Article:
Reptiles: The cold-blooded facts

Reptiles are animals that have dry, scaly skin and breathe by using lungs. There are thousands of kinds of reptiles. They include alligators, crocodiles, lizards, snakes, turtles, and the tuatara. Most reptiles are harmless to humans.

Reptiles are cold-blooded. That means that their body temperature changes with the temperature around them. To stay alive, reptiles need to avoid very hot or very cold temperatures. Although most of them live in the tropics, reptiles live on every continent except Antarctica.

Scientists divide reptiles into four main groups. They are lizards and snakes, turtles, crocodilians, and the tuatara.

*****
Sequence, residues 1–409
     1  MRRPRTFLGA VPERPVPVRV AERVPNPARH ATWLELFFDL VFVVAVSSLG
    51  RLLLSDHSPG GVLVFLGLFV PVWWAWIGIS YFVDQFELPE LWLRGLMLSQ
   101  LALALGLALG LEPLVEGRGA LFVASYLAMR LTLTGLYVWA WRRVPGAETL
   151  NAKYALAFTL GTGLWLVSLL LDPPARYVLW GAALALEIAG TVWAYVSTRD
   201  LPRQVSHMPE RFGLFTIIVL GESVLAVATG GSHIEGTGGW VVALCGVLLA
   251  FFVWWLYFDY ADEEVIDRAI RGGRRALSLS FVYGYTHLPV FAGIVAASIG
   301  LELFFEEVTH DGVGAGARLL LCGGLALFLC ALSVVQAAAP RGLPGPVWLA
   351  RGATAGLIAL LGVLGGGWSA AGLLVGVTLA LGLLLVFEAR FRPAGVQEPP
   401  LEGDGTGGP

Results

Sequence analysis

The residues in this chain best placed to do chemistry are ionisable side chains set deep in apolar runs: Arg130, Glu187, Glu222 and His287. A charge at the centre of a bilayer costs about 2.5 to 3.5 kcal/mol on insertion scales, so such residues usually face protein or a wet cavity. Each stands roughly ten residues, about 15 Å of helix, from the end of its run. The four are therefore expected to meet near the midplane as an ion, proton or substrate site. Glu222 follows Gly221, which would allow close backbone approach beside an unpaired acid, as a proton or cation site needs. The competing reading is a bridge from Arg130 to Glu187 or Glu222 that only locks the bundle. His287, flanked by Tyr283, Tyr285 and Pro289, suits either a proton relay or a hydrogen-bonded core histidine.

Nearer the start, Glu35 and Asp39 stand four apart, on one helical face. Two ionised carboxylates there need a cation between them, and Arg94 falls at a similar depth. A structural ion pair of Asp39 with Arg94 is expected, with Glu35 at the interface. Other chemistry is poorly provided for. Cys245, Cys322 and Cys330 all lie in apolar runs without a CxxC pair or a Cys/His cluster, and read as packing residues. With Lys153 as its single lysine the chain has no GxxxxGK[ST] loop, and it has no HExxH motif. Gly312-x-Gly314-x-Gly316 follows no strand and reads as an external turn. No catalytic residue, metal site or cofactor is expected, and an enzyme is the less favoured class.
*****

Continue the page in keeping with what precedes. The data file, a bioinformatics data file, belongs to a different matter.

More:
Lizards and snakes make up the largest group of reptiles. Most lizards have four legs and long tails. Most also have ear openings and movable eyelids. Snakes have tails of different lengths. However, they have no legs, eyelids, or ear openings.

Turtles are the only reptiles with shells. Turtles can pull their heads, legs, and tails into their shells for protection.

Crocodilians include alligators, caymans, crocodiles, and gavials. All of them live in or near water. They have long snouts, strong jaws, and webbed back feet. They use their long, powerful tails to swim.

The tuatara is found only on several islands off the coast of New Zealand. The tuatara looks like a lizard, but it is more closely related to dinosaurs. Dinosaurs died out about 65 million years ago.

For more information, see these articles:





Buy World Book Online Subscription

World Book 2013 Encyclopedia

Share this story: